Cinemalaya 2012’s colorful conclusionBy Marinel R. Cruz
Philippine Daily Inquirer
The speech of Cinemalaya Foundation Inc. chair Antonio “Tonyboy” Cojuangco at the close of the 8th Cinemalaya Philippine Independent Film Festival on Sunday night left more questions than answers about the annual indie fete.
Cojuangco did not address the controversies hounding Cinemalaya, foremost of which was the sudden resignation of two of its officials.
During the awards night held at the Cultural Center of the Philippines (CCP), there were rumors that the venue (one of Cinemalaya’s biggest sponsors) had plans of withdrawing support from the festival.
Competition committee chair Laurice Guillen-Feleo said Cojuangco could not give specific answers yet because “there are unique problems this year that the board members still have to talk about.”
Tess Rances, deputy festival director and CCP administrative services department manager, denied speculations that the CCP was considering withdrawing support as Cinemalaya sponsor.
She told the Inquirer that people spreading the rumors were “just jealous that the CCP and the Cinemalaya still have a good relationship.”
It will survive
Cojuangco, in his closing speech, expressed optimism that Cinemalaya would survive “as the laws of nature favor the strong.”
He added: “It will live on in our budding and seasoned filmmakers, in our audience and in all those who have been exposed to Cinemalaya—its experience in one form or another these past eight years. The Cinemalaya spirit will invade the local film industry, the homes and media devices of our audience, and the Internet.”
Like The Beatles
He likened his “baby,” the Cinemalaya, to The Beatles “that burst into the music scene (at a time when it was) well-populated by instrumental groups like The Ventures and The Shadows.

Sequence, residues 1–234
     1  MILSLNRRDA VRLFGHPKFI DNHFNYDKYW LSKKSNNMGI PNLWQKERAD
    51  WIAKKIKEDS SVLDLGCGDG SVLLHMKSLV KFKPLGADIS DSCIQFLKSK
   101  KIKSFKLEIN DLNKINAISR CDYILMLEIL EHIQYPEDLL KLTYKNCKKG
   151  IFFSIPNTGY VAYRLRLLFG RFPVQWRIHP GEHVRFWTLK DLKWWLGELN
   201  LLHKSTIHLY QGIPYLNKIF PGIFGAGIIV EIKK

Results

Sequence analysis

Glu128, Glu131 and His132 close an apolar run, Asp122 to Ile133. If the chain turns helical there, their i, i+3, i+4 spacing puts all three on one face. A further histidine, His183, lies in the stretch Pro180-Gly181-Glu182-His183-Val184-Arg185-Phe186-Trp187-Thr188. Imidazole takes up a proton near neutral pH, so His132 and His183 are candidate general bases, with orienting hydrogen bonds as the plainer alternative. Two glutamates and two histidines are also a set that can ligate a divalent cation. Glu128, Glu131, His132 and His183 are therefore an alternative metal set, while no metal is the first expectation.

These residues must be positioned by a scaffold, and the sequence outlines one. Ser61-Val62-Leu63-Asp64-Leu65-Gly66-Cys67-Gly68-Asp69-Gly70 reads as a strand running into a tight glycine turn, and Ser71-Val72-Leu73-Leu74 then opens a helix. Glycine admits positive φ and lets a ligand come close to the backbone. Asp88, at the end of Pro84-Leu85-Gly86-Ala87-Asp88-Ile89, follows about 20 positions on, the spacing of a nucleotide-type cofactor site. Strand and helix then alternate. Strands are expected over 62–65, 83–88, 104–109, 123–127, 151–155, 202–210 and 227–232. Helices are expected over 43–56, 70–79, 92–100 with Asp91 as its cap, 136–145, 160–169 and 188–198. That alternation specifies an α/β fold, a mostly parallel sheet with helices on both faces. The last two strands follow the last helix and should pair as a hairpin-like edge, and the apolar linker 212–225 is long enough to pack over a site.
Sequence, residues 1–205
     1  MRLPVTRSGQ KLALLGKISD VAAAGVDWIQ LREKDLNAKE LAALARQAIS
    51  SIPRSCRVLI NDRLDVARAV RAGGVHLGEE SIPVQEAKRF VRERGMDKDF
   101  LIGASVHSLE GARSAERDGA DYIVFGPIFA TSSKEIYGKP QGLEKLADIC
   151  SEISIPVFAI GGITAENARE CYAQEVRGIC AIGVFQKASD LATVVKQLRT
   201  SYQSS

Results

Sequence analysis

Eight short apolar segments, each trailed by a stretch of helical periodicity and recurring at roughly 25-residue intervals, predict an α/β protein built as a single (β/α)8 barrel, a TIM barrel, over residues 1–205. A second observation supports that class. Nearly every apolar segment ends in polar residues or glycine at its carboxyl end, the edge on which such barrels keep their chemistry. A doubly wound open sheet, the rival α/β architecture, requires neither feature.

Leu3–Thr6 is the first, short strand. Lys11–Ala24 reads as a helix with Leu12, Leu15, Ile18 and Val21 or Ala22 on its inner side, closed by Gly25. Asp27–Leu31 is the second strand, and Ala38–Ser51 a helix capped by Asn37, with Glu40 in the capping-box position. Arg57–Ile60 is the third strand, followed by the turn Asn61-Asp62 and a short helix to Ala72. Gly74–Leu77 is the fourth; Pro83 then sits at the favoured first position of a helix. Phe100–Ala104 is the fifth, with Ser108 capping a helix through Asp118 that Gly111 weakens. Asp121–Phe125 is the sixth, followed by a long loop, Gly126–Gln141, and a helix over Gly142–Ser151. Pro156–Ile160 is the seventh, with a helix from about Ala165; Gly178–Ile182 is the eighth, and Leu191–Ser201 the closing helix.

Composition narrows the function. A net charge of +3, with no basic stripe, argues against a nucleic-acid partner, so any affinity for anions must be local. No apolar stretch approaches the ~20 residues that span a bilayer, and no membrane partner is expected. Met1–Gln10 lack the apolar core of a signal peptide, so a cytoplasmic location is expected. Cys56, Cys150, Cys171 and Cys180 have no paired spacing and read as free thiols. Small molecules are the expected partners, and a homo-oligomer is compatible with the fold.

“At that point in The Beatles’ career, its melodies were great but its lyrics were pathetic. They went on their world tours and were inevitably exposed to other music icons, notably Bob Dylan, a songwriter and poet,” Cojuangco observed. “This experience led The Beatles to write about their world views and advocacies.”
He noted that, despite the group’s eventual breakup, people—even the young—continue to sing their songs today.
He compared The Beatles’ experience to that of Cinemalaya.
“She (Cinemalaya) was born when the local movie scene was drowning in pathetic films,” Cojuangco said. “She was a breath of life. We have seemed to expose our baby to other life challenges … (She) has now created a feeding frenzy among the young and seasoned filmmakers. The quality of this year’s festival is proof of this.”
The only announcement Cojuangco made that night was that Cinemalaya will be shouldering the travel expenses of “four or five” finalists invited to the Rome International Film Festival in Italy in November.
In his welcome address, Cinemalaya Foundation president Nes Jardin admitted that “the road to where we are now had not been paved with roses all the way.”
Jardin resigned as festival director in the wake of the controversy surrounding the disqualification of Emerson Reyes’ “MNL 143” in May.